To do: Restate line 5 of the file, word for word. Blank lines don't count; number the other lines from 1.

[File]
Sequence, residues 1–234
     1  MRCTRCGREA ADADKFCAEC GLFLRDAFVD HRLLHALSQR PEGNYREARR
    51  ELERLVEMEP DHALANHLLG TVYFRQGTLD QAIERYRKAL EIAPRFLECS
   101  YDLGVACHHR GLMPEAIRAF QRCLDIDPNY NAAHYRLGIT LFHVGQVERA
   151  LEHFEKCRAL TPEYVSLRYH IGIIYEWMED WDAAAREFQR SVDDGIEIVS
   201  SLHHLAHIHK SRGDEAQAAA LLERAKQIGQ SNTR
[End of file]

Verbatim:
   151  LEHFEKCRAL TPEYVSLRYH IGIIYEWMED WDAAAREFQR SVDDGIEIVS